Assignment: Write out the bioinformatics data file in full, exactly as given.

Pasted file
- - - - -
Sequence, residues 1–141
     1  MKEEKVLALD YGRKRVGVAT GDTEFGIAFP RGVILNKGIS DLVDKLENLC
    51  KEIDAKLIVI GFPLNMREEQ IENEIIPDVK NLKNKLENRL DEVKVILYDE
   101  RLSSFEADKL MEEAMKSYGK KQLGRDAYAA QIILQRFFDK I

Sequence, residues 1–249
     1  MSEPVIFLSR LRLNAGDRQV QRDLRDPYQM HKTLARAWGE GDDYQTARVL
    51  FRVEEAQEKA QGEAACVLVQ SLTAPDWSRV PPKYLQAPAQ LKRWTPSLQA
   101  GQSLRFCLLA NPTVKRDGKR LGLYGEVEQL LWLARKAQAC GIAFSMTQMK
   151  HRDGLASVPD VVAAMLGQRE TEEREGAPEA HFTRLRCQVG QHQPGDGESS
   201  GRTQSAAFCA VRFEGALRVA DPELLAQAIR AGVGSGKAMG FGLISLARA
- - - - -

Sequence, residues 1–141
     1  MKEEKVLALD YGRKRVGVAT GDTEFGIAFP RGVILNKGIS DLVDKLENLC
    51  KEIDAKLIVI GFPLNMREEQ IENEIIPDVK NLKNKLENRL DEVKVILYDE
   101  RLSSFEADKL MEEAMKSYGK KQLGRDAYAA QIILQRFFDK I

Sequence, residues 1–249
     1  MSEPVIFLSR LRLNAGDRQV QRDLRDPYQM HKTLARAWGE GDDYQTARVL
    51  FRVEEAQEKA QGEAACVLVQ SLTAPDWSRV PPKYLQAPAQ LKRWTPSLQA
   101  GQSLRFCLLA NPTVKRDGKR LGLYGEVEQL LWLARKAQAC GIAFSMTQMK
   151  HRDGLASVPD VVAAMLGQRE TEEREGAPEA HFTRLRCQVG QHQPGDGESS
   201  GRTQSAAFCA VRFEGALRVA DPELLAQAIR AGVGSGKAMG FGLISLARA